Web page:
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More like a separate country than just another Greek island, Crete casts a spell with its untamed landscapes and ancient sites shrouded in legend.
Cruise visitors will discover an island of ancient treasures, ruggedly beautiful mountain and coastal scenery and the lively port of Heraklion with its outdoor markets, sidewalk cafes and fortified walls built by Venetian occupiers many centuries ago. Chania, Crete's second-largest city, is one of the most picturesque ports of the island. It's lined with coffee shops and restaurants frequented not only by tourists but also by locals who on cool summer evenings stroll up and down. On a walk from port along Chalidon Street, visitors can see the city's famous ancient lighthouse among other landmarks.
While Heraklion and Chania are reason enough to visit, a day trip to wild and rugged Samaria Gorge, the longest gorge in Europe at nearly 10 miles, is well worth considering. The hike through the gorge is an adventure offering dramatic mountain scenery and a photo-op finish at a village set along the turquoise sea.
Located about three miles south of Heraklion, the renowned archaeological site Knossos Palace is the 4,000-year-old domain of King Minos and the minotaur, a beast with the head of a bull who is said to have lived in a maze beneath the palace. The heavily restored throne room, grand staircase and other sites are a window onto the ancient Minoan civilization.
One of the best museums in all of Greece is the Heraklion Archaeological Museum, filled with antiquities from what is believed to be Europe's oldest civilization. Artifacts include frescoes and statuary from Knossos Palace as well as jewelry, drinking vessels and the Phaestos Disc, an ancient tablet covered with a mysterious script.
The 16th-century Venetian Walls surrounding Heraklion were built by the Venetian occupiers of the island as protection against pirates from the Barbary Coast. The tomb of Nikos Kazantzakis, author of Zorba the Greek, lies at the southern juncture of the walls.
The central hub of Heraklion, Eleftherias Square, is paved with marble and dotted with fountains. It leads onto Daidalou, a pedestrian thoroughfare lined with shops and tavernas.
Brilliantly colored textiles, ancient Christian and Byzantine sculptures and several paintings by El Greco, who was born on Crete, are highlights of the Historical Museum of Crete, housed in an imposing mansion. It’s a great way to get an overview of the unique culture and history of the island.
Convenient Heraklion beaches include the popular (and often crowded) Amoudara Beach, which is near hotels, restaurants and other services. Choices also include Paleokastro, a secluded beach close to important Minoan ruins, and Agia Pelagia, a favorite among scuba divers.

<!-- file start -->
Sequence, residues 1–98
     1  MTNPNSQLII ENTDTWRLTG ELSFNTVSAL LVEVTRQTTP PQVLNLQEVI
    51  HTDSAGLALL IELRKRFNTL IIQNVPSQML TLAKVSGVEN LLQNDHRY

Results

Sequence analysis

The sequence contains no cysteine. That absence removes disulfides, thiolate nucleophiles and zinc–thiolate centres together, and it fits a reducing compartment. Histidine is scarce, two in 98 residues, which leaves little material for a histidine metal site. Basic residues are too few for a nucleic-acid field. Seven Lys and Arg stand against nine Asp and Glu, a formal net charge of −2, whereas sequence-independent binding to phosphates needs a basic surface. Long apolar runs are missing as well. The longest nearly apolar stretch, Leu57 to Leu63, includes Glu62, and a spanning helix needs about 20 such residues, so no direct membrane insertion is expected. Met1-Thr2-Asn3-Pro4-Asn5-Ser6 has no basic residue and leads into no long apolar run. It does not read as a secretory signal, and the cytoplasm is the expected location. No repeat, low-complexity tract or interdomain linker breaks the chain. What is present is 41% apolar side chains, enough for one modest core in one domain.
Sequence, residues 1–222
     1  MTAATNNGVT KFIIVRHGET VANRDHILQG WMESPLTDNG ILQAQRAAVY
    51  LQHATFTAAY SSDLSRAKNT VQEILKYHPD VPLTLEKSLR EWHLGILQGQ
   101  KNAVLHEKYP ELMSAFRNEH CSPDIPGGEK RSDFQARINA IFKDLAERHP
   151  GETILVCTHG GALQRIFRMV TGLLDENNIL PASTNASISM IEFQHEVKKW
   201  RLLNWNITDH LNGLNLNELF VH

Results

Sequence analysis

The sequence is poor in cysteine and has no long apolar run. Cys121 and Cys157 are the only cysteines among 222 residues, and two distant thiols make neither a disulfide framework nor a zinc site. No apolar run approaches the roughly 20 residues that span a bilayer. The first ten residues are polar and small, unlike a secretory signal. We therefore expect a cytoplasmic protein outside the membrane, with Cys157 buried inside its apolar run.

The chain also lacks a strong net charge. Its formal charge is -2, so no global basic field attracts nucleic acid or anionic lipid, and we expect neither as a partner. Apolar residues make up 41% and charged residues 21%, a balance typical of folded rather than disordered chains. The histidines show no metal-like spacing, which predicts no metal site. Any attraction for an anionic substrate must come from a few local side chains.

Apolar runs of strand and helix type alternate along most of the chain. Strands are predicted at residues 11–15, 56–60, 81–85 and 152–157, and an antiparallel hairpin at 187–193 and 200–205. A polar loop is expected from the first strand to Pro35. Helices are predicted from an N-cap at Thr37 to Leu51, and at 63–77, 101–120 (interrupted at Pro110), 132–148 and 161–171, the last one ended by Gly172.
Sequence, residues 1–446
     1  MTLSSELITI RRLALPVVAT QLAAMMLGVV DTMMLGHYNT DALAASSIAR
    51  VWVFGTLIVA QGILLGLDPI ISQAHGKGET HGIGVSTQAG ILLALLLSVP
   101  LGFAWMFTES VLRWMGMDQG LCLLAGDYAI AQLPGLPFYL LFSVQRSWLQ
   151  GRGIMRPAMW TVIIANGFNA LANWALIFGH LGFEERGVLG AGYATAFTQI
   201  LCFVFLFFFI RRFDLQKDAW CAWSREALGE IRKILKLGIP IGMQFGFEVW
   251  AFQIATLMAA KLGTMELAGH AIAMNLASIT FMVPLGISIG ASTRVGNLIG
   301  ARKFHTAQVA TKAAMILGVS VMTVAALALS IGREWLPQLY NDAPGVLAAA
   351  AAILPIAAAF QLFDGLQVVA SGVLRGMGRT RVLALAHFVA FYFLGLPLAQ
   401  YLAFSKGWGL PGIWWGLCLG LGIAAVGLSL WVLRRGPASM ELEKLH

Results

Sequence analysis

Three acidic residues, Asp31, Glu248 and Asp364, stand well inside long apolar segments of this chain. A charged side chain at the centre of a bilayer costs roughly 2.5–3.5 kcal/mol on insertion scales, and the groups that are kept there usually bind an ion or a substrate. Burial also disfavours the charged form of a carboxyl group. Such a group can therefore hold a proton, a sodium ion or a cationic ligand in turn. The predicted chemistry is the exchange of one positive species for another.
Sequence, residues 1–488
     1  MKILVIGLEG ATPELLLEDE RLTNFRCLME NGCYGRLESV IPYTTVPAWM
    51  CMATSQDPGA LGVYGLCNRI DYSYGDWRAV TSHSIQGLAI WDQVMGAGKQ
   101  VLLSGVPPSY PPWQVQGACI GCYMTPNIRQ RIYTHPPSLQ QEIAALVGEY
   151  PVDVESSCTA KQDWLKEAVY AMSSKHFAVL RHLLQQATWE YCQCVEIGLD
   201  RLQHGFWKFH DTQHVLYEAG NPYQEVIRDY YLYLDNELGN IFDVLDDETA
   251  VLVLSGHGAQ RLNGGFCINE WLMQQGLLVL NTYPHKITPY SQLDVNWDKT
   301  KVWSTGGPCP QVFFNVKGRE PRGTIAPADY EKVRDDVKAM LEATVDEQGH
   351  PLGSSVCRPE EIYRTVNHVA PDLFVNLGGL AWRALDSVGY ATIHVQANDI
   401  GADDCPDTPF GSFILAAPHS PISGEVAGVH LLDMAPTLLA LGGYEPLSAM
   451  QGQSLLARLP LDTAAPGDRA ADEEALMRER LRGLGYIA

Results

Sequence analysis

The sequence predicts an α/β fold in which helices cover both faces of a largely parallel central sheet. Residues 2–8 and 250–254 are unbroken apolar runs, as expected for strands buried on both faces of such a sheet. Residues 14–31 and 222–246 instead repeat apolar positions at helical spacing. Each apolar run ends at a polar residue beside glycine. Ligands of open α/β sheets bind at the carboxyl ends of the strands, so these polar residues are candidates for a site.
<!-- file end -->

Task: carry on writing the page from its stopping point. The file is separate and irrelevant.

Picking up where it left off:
Hand-woven and embroidered textiles, silver and gold jewelry, local olive oil, honey and dried mountain herbs (especially oregano) are among the good buys to be had. A specialty of Crete are reproductions of the Phaestos Disc, an ancient tablet in the Archaeological Museum, often depicted on jewelry.
The 50-acre Acqua Plus Water Park, next to the Crete Golf Club, will delight children with its slides, pools and arcades.
Samaria Gorge, a national park, is a popular day trip from Chania and an extraordinary adventure. The gorge, which starts at an altitude of over 4,000 feet and ends at the sea, is about 492 feet at its widest point and less than 10 at its narrowest. Be sure to wear good quality walking shoes or hiking boots on the five- to seven-hour hike; tourists trying to cross the gorge in flip-flops end up walking barefoot and in pain. Keep an eye out for the endangered Cretan wild goat, and have your camera at the ready: the sea at Agia Roumeli, the village at the end of the gorge, is a dazzling turquoise.
Take a drive or guided tour to the upland plains known as the Lassithi Plateau, about 2,800 feet above sea level and lined with windmills, almond orchards and small villages where you can browse for local weavings and embroidery.
High season: July to August
Shoulder season: May to June, September to October
Low season: November to April
Summer brings hot, dry weather and by far the most crowds. Spring, especially May, is when wildflowers bloom across the island. Fall brings golden light and balmy weather, with the sea still warm enough for swimming. Winter, especially January and February, can be rainy.
Cruise ships dock in Heraklion Harbor, a short walk or taxi ride from the main tourist sites in the city.
Heraklion and its attractions are easily explored on foot. Taxis are plentiful, but make sure to agree with the driver on the fare beforehand, as sometimes surcharges are added. If you choose to explore the island on your own, a rental car is the best bet.
Documents: U.S. and Canadian citizens need a valid passport.
Language: Greek, but English is widely spoken.
Currency: The euro.
Safety: Heraklion is considered a safe city overall. As always, be aware of your surroundings and lock up your valuables. Especially in large tourist areas, keep your wallets and purses close and beware of pickpockets.
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“Heraklion is not without its charms. A walk down Dedalou and the other pedestrian-only streets provides plenty of amusements, and the city has more than its share of outdoor cafes where you can sit and watch life unfold.”
“The quintessential public eating house of Greece is the taverna. This is what amounts to an extension of the Greek home table, offered forth to the community.”
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